RA - Artsworld
Review of For The Stars
- Rob Ainsley
Otter's cool in Costello collaboration
For the Stars', Anne Sofie von Otter's ballads CD with Elvis Costello, is a seductive triumph
For the Stars: Otter meets Costello
Anne Sofie von Otter; Elvis Costello Songs mostly written by Costello, with a few by Nina Simone, Paul McCartney, Tom Waits, Abba et al CD 469 530-2
£12-£15 (cheapest deals via the Internet)
Most people will buy this CD for one of two reasons: they're an Elvis Costello fan or they're an Anne Sofie von Otter fan. The two audiences seem quite separate at first glance - Costello, an intelligent writer of very good pop songs through the 1980s; Otter, a superb classical mezzo known for her Berlioz, Mozart and Handel among others, in opera and in concert.
Aha, but this is the 21st century, and good musicians are no longer frightened of straying from their own section of the record shop. Costello, a knowledgeable classical fan, has been working on several successful collaborations with classical artists through the 1990s (such as the 'Juliet Letters' with the Brodsky Quartet); while Otter's highly-praised 1995 CD of Kurt Weill proved the operatic (mezzo) voice could sing (soprano) cabaret songs perfectly in style (and without a 'cigarette voice').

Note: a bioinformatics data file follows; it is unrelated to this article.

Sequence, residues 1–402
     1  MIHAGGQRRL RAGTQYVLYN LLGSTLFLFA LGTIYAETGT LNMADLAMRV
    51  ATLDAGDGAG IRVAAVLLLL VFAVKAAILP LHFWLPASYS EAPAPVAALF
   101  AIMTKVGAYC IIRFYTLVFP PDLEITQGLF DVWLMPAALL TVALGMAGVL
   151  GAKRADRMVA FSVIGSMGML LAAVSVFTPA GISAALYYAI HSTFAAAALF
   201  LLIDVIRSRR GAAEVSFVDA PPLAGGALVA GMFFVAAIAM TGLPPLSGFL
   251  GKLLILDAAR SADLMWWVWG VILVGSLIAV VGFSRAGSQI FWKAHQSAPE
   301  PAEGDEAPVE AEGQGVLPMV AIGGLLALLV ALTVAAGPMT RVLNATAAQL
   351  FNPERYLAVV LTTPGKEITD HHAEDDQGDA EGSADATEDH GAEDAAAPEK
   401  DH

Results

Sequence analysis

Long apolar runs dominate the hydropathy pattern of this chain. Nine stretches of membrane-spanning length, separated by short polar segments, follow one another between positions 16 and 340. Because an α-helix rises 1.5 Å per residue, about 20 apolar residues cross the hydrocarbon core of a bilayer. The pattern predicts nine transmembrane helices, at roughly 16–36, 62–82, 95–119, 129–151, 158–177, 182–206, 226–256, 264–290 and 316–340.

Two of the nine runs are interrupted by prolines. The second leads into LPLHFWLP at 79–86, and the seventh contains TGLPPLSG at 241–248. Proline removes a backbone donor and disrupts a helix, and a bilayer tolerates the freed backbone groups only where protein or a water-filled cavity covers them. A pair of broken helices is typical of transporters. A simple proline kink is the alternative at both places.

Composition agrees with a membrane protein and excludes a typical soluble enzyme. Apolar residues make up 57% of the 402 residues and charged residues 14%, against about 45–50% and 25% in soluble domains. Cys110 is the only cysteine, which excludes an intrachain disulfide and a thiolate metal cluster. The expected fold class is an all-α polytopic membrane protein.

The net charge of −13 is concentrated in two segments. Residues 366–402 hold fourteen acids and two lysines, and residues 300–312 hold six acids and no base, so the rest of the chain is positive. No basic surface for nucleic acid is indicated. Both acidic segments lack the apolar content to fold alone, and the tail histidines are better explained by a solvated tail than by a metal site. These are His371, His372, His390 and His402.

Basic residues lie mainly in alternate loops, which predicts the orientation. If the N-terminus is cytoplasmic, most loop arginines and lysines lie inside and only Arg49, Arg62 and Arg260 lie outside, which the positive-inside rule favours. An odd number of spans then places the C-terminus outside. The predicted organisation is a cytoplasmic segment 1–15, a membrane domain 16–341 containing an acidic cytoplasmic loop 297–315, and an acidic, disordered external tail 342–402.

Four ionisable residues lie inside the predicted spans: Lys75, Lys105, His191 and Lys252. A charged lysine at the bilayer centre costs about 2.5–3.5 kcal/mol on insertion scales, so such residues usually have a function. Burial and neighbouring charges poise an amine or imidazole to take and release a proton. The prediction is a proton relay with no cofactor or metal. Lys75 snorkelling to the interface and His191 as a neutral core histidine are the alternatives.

'For the Stars' features 18 ballads, mostly penned by Costello, and mostly sung by Otter with a few vocal contributions from her likeable collaborator. They deal with what might be called mature-woman subjects: unfaithful partners, compromised relationships, long-term love. They're all in moderate tempos, sensitively and tastefully arranged around keyboards, acoustic guitars, strings and tuned percussion. (Benny Anderson of Abba contributes an accordion, one of many excellent instrumental collaborators.) Highlights of the set are the title track, 'Rope', and 'Broken Bicycles/Junk', but the songs are consistently good.
What makes them special, though, is Otter's voice. It's quite astounding how she adapts her technique from the opera stage to the FM-session microphone, and it's hard to imagine these intimate songs sung better. Her control, pitching and expression are perfect, but not so perfect it becomes sanitised or wrong for the idiom.
Many of these collaborations fail. This one succeeds without doubt. Hats off to both Elvis and Anne Sofie. It's the perfect CD to play late at night, between dinner and bed, on the sofa with your lover - or failing that, a ruminative whisky.